Zhang said Chinese internet companies had moved to the forefront of the global industry with the help of government policies, but regulations need to evolve.
“To ensure a more orderly and healthy development of the internet and the digital economy, relevant state departments are seeking opinions on policies and regulations for the internet platforms … this is very timely and necessary,” he said.
A planned $37 billion stock listing of Alibaba affiliate Ant Group was suspended this month after regulators warned its lucrative online lending business faced tighter scrutiny.
Zhang is one of the few Chinese technology chiefs to appear in person at the Cyberspace Administration of China’s annual event, which was scaled back due to the COVID-19 pandemic.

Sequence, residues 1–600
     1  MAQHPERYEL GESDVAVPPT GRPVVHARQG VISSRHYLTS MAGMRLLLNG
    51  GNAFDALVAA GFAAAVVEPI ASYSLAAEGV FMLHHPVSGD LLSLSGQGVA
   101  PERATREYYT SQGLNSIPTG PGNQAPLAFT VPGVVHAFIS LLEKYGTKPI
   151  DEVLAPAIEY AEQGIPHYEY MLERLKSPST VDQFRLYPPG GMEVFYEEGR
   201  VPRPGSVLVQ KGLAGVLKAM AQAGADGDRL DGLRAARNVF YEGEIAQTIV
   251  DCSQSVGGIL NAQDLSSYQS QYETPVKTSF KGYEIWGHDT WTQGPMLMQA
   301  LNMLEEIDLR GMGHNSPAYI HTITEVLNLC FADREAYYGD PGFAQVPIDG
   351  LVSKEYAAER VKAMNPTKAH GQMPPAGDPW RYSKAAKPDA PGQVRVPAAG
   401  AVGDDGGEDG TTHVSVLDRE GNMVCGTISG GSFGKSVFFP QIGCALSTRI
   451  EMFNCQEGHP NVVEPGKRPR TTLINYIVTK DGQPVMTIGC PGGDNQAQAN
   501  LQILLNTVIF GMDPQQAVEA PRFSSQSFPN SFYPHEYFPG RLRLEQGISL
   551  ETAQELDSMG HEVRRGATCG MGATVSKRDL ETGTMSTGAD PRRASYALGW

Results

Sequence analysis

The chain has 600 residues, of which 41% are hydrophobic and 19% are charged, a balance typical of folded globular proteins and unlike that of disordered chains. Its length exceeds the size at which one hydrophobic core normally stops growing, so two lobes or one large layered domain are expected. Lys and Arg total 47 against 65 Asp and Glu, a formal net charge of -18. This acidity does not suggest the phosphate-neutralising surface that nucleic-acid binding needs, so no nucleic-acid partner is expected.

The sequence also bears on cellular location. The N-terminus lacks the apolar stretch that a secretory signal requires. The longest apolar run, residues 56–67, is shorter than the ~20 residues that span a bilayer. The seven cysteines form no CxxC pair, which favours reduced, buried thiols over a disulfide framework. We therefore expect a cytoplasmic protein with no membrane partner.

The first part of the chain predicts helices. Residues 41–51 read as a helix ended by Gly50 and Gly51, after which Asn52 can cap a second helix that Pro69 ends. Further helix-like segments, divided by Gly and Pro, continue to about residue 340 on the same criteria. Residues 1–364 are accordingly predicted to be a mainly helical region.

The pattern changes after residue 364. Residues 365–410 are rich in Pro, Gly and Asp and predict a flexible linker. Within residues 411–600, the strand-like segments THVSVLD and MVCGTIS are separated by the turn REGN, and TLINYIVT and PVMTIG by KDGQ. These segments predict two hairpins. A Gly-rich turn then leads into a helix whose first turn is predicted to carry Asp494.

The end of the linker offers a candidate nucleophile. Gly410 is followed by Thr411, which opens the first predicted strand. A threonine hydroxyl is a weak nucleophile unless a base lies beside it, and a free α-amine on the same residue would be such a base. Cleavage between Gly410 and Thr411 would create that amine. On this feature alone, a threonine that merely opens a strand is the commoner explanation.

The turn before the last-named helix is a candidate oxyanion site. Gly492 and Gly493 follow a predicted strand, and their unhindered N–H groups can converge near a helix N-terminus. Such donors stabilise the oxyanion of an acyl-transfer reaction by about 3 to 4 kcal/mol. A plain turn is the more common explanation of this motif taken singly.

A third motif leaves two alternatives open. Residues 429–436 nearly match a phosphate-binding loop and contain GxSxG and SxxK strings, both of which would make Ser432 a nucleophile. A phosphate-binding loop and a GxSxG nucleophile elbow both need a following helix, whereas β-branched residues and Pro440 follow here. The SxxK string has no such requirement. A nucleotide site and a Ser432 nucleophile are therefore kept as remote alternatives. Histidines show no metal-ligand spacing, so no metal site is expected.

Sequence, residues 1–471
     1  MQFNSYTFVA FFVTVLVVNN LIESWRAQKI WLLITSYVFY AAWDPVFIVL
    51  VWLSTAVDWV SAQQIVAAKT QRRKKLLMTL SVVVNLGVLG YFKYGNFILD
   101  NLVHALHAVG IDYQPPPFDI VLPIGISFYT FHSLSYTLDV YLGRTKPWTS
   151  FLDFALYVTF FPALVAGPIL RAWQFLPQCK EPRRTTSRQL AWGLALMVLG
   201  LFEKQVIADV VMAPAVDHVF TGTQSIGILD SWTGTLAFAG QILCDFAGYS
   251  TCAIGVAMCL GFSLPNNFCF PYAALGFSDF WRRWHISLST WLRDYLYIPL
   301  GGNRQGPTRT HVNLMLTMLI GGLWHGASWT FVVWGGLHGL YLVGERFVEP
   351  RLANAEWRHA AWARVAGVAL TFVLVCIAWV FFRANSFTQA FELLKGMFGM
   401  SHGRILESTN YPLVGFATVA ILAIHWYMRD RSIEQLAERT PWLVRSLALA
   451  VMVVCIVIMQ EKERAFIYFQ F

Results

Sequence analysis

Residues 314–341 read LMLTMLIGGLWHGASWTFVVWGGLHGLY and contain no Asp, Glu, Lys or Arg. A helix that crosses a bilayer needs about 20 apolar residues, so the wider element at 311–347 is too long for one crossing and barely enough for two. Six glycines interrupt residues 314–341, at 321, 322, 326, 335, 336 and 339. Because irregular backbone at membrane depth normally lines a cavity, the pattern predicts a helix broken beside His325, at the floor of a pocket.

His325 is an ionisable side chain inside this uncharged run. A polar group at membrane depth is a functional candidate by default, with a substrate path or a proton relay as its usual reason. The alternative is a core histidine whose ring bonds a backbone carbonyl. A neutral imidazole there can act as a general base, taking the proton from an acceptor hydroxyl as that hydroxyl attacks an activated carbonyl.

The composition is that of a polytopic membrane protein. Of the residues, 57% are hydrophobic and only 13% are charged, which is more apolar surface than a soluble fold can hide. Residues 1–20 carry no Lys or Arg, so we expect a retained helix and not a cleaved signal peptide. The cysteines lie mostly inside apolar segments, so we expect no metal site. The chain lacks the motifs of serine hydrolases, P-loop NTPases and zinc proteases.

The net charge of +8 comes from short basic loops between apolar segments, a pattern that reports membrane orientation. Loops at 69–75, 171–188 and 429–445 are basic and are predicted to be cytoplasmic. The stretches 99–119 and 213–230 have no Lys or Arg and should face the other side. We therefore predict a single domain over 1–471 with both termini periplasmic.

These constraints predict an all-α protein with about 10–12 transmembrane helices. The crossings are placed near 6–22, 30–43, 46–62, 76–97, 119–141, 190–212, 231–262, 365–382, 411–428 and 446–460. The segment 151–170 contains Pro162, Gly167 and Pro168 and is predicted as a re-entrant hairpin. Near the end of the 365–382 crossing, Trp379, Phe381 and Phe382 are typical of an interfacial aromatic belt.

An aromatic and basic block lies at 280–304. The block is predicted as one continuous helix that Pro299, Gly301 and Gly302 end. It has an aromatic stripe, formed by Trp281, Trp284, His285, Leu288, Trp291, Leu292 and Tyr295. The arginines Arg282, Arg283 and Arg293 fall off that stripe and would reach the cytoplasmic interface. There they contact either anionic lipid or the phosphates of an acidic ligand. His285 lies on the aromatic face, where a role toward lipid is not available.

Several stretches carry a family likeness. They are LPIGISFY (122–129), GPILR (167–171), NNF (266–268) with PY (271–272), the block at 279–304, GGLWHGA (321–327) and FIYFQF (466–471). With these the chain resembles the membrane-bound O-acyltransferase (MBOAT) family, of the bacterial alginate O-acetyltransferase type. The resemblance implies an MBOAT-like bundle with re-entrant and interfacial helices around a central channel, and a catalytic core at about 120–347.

The event is taking place against a backdrop of increasing scrutiny from Beijing for China’s internet giants including Alibaba, Tencent Holdings and Meituan.
Alibaba’s e-commerce marketplaces and payment services are also expected to face greater oversight under the draft rules published on Nov. 10 by China’s market regulator, which said it wanted to prevent platforms from dominating the market or from adopting methods aimed at blocking fair competition.
The company and its rivals have come under fire for allegedly engaging in a practice referred to as “two choose one,” in China, in which e-commerce platforms penalize sellers who offer goods on rival sites.
In an earnings call last week, chief strategy officer Liao Jianwen of JD.com, an Alibaba rival, said the company “fully supports” the draft regulations.
China’s government has also issued draft regulations governing micro-lending and personal data protection that are expected to apply to internet platforms.
(Reporting by Yingzhi Yang and Josh Horwitz in Wuzhen; Writing by Brenda Goh; Editing by Himani Sarkar, Stephen Coates and Alexander Smith)
By Yingzhi Yang and Josh Horwitz
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